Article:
Nothing could have prepared me for Gruber’s description of his one-on-one demo of Mountain Lion, Apple’s next version of OS X. It wasn’t the software, but the way that Apple is approaching folks like Gruber:
This is an awful lot of effort and attention in order to brief what I’m guessing is a list of a dozen or two writers and journalists. It’s Phil Schiller, spending an entire week on the East Coast, repeating this presentation over and over to a series of audiences of one. There was no less effort put into the preparation of this presentation than there would have been if it had been the WWDC keynote address.
What do I think so far, Schiller asks. It all seems rather obvious now that I’ve seen it — and I mean obvious in a good way. I remain convinced that iCloud is exactly what Steve Jobs said it was: the cornerstone of everything Apple does for the next decade. So of course it makes sense to bring iCloud to the Mac in a big way. Simplified document storage, iMessage, Notification Center2, synced Notes and Reminders — all of these things are part of iCloud. It’s all a step toward making your Mac just another device managed in your iCloud account. Look at your iPad and think about the features it has that would work well, for a lot of people, if they were on the Mac. That’s Mountain Lion — and probably a good way to predict the future of the continuing parallel evolution of iOS and OS X.3
But this, I say, waving around at the room, this feels a little odd. I’m getting the presentation from an Apple announcement event without the event. I’ve already been told that I’ll be going home with an early developer preview release of Mountain Lion. I’ve never been at a meeting like this, and I’ve never heard of Apple seeding writers with an as-yet-unannounced major update to an operating system. Apple is not exactly known for sharing details of as-yet-unannounced products, even if only just one week in advance. Why not hold an event to announce Mountain Lion — or make the announcement on apple.com before talking to us?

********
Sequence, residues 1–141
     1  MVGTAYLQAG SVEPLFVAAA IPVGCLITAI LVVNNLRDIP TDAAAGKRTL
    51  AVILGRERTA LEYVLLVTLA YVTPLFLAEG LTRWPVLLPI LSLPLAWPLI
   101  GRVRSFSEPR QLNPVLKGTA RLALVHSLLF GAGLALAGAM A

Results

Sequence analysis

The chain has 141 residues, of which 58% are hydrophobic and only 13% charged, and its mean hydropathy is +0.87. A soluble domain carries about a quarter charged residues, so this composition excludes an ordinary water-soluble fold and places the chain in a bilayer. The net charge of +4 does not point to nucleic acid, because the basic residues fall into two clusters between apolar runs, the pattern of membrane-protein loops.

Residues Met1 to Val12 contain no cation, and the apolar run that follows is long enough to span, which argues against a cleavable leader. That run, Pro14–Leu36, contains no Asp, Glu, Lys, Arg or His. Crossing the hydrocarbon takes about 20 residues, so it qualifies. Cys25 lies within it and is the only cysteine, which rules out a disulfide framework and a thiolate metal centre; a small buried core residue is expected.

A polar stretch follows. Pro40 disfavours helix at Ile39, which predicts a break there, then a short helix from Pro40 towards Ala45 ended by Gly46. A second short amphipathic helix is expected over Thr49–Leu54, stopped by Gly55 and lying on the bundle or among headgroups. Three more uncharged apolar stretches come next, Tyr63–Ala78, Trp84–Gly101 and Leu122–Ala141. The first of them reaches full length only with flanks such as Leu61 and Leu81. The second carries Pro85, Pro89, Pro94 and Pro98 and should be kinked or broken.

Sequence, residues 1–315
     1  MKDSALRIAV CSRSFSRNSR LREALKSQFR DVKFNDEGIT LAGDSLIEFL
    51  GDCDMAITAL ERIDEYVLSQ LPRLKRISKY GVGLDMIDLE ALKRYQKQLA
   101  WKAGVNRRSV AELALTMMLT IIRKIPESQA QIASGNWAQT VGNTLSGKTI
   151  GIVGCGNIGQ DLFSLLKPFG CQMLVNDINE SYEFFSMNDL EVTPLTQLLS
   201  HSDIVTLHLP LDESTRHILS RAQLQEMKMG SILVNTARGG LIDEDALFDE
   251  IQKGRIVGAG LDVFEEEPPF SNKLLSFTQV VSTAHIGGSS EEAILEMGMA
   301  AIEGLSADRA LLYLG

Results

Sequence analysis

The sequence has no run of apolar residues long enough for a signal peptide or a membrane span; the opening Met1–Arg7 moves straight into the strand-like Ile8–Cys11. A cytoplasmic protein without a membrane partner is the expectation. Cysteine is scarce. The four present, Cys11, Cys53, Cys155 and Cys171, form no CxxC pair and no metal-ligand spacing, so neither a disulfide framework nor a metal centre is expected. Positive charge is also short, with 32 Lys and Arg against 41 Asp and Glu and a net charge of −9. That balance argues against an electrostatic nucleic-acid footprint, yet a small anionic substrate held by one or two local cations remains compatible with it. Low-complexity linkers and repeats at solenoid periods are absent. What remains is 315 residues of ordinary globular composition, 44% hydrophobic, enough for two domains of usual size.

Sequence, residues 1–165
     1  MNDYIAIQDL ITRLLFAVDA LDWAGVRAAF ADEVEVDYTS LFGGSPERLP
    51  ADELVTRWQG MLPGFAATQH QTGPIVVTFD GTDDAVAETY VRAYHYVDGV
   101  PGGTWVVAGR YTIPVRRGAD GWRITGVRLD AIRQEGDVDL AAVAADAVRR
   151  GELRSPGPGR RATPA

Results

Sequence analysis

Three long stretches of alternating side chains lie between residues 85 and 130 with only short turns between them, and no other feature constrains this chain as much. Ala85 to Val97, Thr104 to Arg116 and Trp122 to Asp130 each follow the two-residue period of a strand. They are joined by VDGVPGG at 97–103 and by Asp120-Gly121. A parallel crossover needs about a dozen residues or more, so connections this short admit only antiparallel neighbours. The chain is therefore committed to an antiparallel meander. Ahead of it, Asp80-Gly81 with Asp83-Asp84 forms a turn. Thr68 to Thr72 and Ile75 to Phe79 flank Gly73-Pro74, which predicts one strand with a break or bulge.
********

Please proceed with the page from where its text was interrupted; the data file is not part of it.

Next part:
That’s when Schiller tells me they’re doing some things differently now.
I wonder immediately about that “now”. I don’t press, because I find the question that immediately sprang to mind uncomfortable. And some things remain unchanged: Apple executives explain what they want to explain, and they explain nothing more.
My gut feeling though, is this. Apple didn’t want to hold an event to announce Mountain Lion because those press events are precious. They just used one for the iBooks/education thing, and they’re almost certainly on the cusp of holding a major one for the iPad. They don’t want to wait to release the Mountain Lion preview because they want to give Mac developers months of time to adopt new APIs and to help Apple shake out bugs. So: an announcement without an event. But they don’t want Mountain Lion to go unheralded. They are keenly aware that many observers suspect or at least worry that the Mac is on the wane, relegated to the sideline in favor of the new and sensationally popular iPad.
Thus, these private briefings. Not merely to explain what Mountain Lion is — that could just as easily be done with a website or PDF feature guide — but to convey that the Mac and OS X remain both important and the subject of the company’s attention. The move to a roughly annual release cycle, to me, suggests that Apple is attempting to prove itself a walk-and-chew-gum-at-the-same-time company.
And all of this without any rumors — like those swirling about the iPad 3. Apple comes across as deadly serious, very carefully moving forward, one major battle at a time, pursuing a grand strategic vision, and unconstrained.
Gruber’s description of Mountain Lion — specifically the close integration with iCloud — is also worth a long read.